To better see all uses of the word
The Mill on the Floss
please enable javascript.

Used In
The Mill on the Floss
Go to Book Vocabulary
Go to Word Detail
  • "Do you like peppermints, young sir?" required only a tacit answer when it was accompanied by a presentation of the article in question.
  • But in that curious compound, the feminine character, it may easily happen that the flavor is unpleasant in spite of excellent ingredients; and a fine systematic stinginess may be accompanied with a seasoning that quite spoils its relish.
  • Maggie felt her heart leap at this subterfuge of Philip’s, and there passed over her face that almost imperceptible shock which accompanies any relief.
  • Mrs. Moss hurried away with her into another room, and expressed to Mrs. Tulliver, who accompanied her, the conviction that the dear child had good reasons for crying; implying that if it was supposed to be the rattle that baby clamored for, she was a misunderstood baby.
  • After a little further discussion as to whether it would not be better for Mrs. Tulliver to accompany them on a visit to sister Glegg, Mrs. Pullet, observing that it was tea-time, turned to reach from a drawer a delicate damask napkin, which she pinned before her in the fashion of an apron.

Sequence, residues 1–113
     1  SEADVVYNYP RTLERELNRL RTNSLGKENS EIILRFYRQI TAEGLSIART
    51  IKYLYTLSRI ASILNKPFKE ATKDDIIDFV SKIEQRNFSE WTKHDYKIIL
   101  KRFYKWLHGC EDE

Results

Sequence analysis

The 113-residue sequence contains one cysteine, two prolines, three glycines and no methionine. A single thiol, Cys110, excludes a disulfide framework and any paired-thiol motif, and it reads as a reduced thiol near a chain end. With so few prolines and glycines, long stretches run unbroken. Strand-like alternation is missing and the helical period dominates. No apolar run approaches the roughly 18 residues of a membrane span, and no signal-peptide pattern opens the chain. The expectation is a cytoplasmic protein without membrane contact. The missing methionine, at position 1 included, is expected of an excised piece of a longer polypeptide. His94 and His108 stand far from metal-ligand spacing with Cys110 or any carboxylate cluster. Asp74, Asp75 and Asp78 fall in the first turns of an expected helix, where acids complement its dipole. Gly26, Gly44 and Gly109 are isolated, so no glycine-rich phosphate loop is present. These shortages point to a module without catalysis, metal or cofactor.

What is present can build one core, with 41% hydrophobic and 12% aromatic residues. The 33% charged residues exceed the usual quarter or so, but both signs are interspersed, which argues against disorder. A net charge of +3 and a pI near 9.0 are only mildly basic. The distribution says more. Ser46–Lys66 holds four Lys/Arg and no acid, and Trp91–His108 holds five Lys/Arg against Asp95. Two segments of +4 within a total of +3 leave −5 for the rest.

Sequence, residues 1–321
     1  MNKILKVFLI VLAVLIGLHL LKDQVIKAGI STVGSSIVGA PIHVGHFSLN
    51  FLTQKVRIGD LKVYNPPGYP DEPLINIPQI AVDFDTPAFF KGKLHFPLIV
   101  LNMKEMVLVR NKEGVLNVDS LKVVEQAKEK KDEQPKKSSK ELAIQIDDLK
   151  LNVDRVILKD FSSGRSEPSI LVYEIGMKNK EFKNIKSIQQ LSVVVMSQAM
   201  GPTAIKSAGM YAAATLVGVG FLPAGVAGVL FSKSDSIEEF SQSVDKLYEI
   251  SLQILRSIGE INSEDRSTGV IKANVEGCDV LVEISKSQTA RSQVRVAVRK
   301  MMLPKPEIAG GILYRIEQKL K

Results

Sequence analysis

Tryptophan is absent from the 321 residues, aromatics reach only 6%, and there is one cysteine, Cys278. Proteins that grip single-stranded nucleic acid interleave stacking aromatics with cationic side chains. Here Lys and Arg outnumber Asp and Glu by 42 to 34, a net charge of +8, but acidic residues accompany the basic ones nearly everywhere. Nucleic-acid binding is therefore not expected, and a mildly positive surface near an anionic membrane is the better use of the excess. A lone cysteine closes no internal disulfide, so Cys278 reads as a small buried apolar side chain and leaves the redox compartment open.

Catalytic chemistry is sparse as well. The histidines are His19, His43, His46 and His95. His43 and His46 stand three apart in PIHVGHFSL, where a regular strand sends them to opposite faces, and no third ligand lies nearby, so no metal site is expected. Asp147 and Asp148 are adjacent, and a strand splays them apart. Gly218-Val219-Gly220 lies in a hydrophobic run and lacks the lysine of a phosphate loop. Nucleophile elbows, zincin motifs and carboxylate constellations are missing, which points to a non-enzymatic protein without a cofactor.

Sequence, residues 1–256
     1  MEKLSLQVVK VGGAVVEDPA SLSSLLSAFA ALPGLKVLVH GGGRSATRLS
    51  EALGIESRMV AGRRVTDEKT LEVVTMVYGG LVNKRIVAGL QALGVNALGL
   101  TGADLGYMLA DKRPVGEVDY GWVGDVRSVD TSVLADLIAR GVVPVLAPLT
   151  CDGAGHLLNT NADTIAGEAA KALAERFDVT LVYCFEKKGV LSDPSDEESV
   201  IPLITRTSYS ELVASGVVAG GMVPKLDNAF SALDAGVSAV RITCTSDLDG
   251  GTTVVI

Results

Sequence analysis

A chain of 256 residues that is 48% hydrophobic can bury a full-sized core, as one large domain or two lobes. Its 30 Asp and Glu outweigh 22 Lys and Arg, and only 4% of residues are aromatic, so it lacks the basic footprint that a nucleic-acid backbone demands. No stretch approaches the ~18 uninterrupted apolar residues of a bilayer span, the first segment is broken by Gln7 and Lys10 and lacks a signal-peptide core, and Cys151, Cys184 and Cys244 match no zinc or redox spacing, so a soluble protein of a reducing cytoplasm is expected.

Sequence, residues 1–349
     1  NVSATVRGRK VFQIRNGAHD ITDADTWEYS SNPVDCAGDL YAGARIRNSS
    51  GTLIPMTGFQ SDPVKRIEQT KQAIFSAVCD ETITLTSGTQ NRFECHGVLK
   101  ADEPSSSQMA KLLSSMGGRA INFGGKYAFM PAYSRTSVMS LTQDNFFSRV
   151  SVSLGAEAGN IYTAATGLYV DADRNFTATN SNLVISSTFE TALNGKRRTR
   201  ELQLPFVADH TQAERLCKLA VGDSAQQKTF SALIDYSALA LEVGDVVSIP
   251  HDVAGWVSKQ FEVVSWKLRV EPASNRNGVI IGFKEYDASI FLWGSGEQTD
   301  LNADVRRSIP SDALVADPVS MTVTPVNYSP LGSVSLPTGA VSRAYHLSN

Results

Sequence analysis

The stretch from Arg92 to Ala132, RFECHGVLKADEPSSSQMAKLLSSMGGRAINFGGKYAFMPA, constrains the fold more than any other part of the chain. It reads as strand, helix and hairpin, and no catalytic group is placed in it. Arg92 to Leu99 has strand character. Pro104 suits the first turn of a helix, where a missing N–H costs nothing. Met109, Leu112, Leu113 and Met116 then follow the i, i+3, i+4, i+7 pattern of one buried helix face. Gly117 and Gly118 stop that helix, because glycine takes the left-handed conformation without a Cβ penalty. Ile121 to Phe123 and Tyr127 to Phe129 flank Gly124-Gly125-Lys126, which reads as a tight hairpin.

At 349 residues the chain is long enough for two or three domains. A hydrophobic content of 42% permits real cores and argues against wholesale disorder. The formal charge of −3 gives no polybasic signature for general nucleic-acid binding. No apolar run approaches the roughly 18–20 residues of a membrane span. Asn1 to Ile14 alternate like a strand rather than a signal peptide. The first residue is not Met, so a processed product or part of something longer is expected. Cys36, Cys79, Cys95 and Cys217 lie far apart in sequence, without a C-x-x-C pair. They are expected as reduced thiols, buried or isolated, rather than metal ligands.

• "Thank you, Miss," said Bob, lifting his cap and showing a delighted face, but immediately relieving himself of some accompanying embarrassment by looking down at his dog, and saying in a tone of disgust, "Get out wi’ you, you thunderin’ sawney!"
  • Chapter II The Torn Nest Is Pierced by the Thorns There is something sustaining in the very agitation that accompanies the first shocks of trouble, just as an acute pain is often a stimulus, and produces an excitement which is transient strength.
  • Her mother was to accompany her in the carriage, and household business could not be dispatched hastily by Mrs. Tulliver.
  • She moved her arm from the table, urged to change her position by that positive physical oppression at the heart that sometimes accompanies a sudden mental pang.
  • Her eyes and cheeks had an almost feverish brilliancy; her head was thrown backward, and her hands were clasped with the palms outward, and with that tension of the arms which is apt to accompany mental absorption.
  • There were not many hours in those ten days in which Mr. Stephen Guest was not seated by Lucy’s side, or standing near her at the piano, or accompanying her on some outdoor excursion; his attentions were clearly becoming more assiduous, and that was what every one had expected.
  • When uncultured minds, confined to a narrow range of personal experience, are under the pressure of continued misfortune, their inward life is apt to become a perpetually repeated round of sad and bitter thoughts; the same words, the same scenes, are revolved over and over again, the same mood accompanies them; the end of the year finds them as much what they were at the beginning as if they were machines set to a recurrent series of movements.
  • "No," said Maggie, with simple seriousness, walking on as if she meant Philip to accompany her, "I’m very glad you came, for I wished very much to have an opportunity of speaking to you.

  • There are no more uses of "accompany" in the book.

    Show samples from other sources
  • The nurse accompanied the old woman everywhere.
  • The exact numbers are shown in the accompanying table.

  • Go to more samples
Go to Book Vocabulary . . . enhancing vocabulary while reading